Can #NewTwitter Swim Faster Than a Fail Whale?
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the question of whether Twitter should really be in the Twitter app business, or should simply be keeping the infrastructure running.
When you look at Twitter’s recent work, especially the iPad app and #NewTwitter, you have to admit that the startup is making important strides. In the past “the company didn’t quite know where it was going,” writes Alex Payne, who was an engineer at Twitter from 2007 to early 2010. Now “Twitter is getting focused,” he says. That’s clear from the iPad app, which has a beautiful scrolling stream of tweets down the middle and a nifty column that slides in from the right whenever a tweet includes a link to Web or multimedia content. It’s all a lot more…kinetic than anything we’ve seen before from Twitter.
Never mind that the app is a bit confusing to use, or that Twitter’s mobile developers seem to have made up most of their own navigation conventions and user-interface gestures. (The app is riddled with “non standard actions, panels, and interactions,” in the opinion of Brookline, MA-based mobile developer Greg Raiz.) At least Twitter saw the possibilities in the iPad, and decided to throw its own hat in the ring.
But for my money, there are more effective Twitter apps than Twitter for iPad. If you want to quickly scan incoming tweets from your friends, see who’s cited you in an @mention lately, or see who’s tweeted about specific search terms, there’s still no better tool than TweetDeck, which can show you up to three columns of tweets side-by-side. TweetDeck is slow and terribly crashy, but I like seeing all that information in one big array, especially the saved searches. (I’ve got a search set up just for tweets mentioning Xconomy, for example. You can view such saved searches in the Twitter for iPad app, but they’re buried two panels deep.)
Then there’s Flipboard, which turns your social-media feeds into a kind of interactive magazine. Flipboard can connect to your Facebook account and to a number of custom “sections” drawn from major publications. But at its heart this app is Twitter-centric, giving you a pleasant way to browse not just your friends’ tweets but the stuff they’re tweeting about. That’s a key point. If you follow me on Twitter, and I tweet about this column, then what will show up in the Twitter section of Flipboard is not the tweet but the column itself, or at least the first few paragraphs of it. (If you want to read the whole column, Flipboard will open it for you in a browser window, or send it to Instapaper.)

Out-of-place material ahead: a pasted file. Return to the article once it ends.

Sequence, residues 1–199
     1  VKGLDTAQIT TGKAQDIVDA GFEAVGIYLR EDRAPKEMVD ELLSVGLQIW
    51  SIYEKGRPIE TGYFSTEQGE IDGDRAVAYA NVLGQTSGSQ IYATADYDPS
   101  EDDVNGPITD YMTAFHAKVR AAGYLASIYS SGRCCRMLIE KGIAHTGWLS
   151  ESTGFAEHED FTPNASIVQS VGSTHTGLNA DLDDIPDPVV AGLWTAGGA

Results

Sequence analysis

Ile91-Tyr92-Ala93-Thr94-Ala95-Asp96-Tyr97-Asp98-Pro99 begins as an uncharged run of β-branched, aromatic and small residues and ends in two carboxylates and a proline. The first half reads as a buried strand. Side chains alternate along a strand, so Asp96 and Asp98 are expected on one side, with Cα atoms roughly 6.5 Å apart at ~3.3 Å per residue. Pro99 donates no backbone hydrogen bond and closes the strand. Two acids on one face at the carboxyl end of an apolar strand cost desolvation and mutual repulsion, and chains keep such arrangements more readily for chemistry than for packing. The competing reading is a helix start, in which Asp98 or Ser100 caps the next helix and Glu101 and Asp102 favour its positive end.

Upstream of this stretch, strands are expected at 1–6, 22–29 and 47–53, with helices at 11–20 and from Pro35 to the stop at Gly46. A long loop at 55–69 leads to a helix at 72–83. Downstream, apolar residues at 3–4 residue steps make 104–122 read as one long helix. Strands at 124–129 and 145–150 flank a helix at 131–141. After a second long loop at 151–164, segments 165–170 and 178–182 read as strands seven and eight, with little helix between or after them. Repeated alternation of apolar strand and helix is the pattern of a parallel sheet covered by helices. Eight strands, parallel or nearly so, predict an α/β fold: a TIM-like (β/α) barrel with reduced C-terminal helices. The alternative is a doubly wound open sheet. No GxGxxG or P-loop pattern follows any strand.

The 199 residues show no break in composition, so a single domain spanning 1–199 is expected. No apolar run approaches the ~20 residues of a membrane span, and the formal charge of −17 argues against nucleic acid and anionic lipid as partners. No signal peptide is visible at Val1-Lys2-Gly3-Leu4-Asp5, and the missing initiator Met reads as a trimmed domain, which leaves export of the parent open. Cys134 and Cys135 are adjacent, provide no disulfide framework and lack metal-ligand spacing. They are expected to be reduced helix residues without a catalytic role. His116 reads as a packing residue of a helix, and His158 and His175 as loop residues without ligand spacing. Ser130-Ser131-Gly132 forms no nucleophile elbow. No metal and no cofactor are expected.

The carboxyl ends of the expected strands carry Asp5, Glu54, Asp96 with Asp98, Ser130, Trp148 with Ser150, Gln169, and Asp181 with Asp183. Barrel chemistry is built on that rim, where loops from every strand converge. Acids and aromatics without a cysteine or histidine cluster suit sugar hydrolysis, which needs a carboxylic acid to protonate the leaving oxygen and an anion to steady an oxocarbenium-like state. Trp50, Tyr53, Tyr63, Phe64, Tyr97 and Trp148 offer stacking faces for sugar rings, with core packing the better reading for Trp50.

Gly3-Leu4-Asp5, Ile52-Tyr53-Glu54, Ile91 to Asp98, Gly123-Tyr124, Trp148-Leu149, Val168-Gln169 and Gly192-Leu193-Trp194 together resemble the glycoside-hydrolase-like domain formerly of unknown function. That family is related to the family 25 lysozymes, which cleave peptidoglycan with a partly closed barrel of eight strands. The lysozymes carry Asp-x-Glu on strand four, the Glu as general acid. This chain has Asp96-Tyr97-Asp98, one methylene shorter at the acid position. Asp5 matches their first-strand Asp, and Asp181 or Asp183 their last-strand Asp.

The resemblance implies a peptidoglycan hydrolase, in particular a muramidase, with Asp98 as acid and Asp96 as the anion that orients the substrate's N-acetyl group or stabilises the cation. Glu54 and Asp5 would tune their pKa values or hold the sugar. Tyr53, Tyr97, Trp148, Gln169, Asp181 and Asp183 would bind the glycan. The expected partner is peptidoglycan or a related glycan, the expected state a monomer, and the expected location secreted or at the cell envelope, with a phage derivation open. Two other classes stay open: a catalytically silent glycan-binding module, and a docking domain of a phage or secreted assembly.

I absolutely love this function of Flipboard. The 367 people whom I currently follow on Twitter were carefully chosen because they tweet about content that’s useful to me. In this way, I vastly increase my information reach, learning about many things I would never have had time to discover on my own. True, I can find the same content through TweetDeck or even Twitter for iPad. But I have to dig harder for it: I have to read each tweet, decide from each 140-character clue whether the content it links to sounds enticing, click on the URL in the link, and wait for the linked content to come up in a browser panel. Flipboard does most of that work for me in advance.
But because Flipboard de-emphasizes actual tweets in favor of the content they point to, it’s an app that Twitter itself could never have built. The Twitter API—the wonderful open conduit that allows applications built by third-party developers to tap into Twitter users’ accounts as long as these apps are properly authorized—has given rise to a whole galaxy of apps that do cool and wholly unintended things like this. Most of these features are things that Twitter will never profit from.
There’s been a lot of attention paid in the blogosphere this week to a farewell blog post by Alex Payne, the aforementioned former Twitter engineer. For years, Payne ran the Twitter Platform, meaning he was the guy who decided how the API could be used. The API originally grew out of … Next Page »